Bender: "Like letting the air out of a balloon!"
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Old March 20 2014, 08:02 PM   #74
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Re: Nicholas Meyer's Interpretation of Star Trek

Warped9 wrote: View Post
J.T.B. wrote: View Post
Warped9 wrote: View Post
What I really find telling is that Kirk should have thought of the three-dimensional aspect long before Spock reminded him.
Yeah that's always seemed weak to me. Kirk the experienced starship tactician should have been just naturally kicking ass on Khan the two-dimensional thinker, without having to talk about it. And speaking of dimensions, I always thought Enterprise should have pitched bow-up toward Reliant and fired away at her underside, rather than rising vertically as if on an elevator and firing at her narrower stern silhouette. Of course, the phasers really should have been able to just train "upward," without the ship having to "point" at the target, but that wouldn't be as cool.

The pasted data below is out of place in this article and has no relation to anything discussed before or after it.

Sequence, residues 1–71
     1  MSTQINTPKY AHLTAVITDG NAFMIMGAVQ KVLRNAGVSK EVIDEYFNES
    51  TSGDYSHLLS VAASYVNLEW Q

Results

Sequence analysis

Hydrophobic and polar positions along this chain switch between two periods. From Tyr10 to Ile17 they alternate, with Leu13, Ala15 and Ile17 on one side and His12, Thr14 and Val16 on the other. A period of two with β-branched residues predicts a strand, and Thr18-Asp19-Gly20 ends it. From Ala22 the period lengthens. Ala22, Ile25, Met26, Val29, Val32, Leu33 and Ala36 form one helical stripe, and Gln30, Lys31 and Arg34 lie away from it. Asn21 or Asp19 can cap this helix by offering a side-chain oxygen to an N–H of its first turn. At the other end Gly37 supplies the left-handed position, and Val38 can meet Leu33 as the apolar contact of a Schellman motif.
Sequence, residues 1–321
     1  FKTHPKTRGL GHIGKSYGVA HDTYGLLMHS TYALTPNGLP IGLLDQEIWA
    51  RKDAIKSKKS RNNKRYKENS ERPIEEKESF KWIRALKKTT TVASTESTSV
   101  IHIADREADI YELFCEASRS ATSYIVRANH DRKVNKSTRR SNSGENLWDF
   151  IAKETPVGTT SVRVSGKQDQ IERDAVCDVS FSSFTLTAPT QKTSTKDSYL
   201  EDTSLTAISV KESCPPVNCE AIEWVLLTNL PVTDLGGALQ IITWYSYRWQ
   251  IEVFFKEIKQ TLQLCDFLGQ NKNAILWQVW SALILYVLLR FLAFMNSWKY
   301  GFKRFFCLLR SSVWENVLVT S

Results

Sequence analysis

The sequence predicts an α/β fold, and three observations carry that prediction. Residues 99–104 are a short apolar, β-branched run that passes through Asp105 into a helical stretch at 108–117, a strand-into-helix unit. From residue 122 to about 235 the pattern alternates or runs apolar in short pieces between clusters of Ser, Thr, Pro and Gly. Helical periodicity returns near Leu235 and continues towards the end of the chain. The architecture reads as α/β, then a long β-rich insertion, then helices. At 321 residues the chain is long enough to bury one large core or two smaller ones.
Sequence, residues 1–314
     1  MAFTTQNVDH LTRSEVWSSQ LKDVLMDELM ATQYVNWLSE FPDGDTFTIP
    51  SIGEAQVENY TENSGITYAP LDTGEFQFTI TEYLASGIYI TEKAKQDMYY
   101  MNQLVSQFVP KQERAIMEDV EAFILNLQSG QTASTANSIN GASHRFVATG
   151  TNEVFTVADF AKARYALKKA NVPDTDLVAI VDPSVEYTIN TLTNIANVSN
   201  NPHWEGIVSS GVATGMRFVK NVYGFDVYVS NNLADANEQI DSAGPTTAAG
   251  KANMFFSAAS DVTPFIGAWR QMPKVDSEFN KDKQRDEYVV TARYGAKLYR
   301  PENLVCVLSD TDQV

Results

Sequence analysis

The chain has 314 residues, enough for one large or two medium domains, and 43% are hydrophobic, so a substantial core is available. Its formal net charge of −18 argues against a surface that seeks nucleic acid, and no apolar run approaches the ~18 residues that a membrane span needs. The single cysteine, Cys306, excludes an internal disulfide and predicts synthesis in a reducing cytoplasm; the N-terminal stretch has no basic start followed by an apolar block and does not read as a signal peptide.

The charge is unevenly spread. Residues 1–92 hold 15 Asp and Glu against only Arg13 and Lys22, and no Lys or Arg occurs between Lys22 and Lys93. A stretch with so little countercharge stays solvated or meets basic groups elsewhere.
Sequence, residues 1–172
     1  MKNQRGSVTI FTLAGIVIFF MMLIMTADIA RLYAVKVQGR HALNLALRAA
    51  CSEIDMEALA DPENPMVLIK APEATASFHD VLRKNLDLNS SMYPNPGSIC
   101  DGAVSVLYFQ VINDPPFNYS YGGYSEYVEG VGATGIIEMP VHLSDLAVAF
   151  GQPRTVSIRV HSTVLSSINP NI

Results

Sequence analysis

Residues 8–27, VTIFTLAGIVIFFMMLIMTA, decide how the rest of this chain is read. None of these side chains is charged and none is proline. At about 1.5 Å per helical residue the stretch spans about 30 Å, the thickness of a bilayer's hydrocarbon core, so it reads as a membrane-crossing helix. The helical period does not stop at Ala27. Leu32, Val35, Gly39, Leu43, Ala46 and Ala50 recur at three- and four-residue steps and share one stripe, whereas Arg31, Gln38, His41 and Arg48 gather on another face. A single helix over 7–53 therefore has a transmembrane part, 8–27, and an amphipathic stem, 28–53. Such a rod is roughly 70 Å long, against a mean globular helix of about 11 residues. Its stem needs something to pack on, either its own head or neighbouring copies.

Well I uess this is evidence of Nick Meyer's two-dimensional thinking.
Also Sallin's, Minor's and ILM's. (incidentally, I do agree that the pitch-up-&-fire notion would have been preferable.)
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Old March 21 2014, 06:29 AM   #75
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Re: Nicholas Meyer's Interpretation of Star Trek

2takesfrakes wrote: View Post
And this whole business of Ceti Alpha VI "blowing up" ... what's THAT about? Does Nicholas Myer honestly go by the assumption that planets just randomly explode, on their own? Or is this also a product of a planet reaching "old age" like what the Enterprise and its crew are experiencing so profoundly?
Well, heck, between the second and third seasons of Trek alone there were, what, six planets actually destroyed and at least two more that were set for obliteration if the Enterprise hadn't intervened? And with the Enterprise being refitted or getting a new trainee crew there'd be all those times the only ship in the quadrant wasn't even in the quadrant, thus, doom.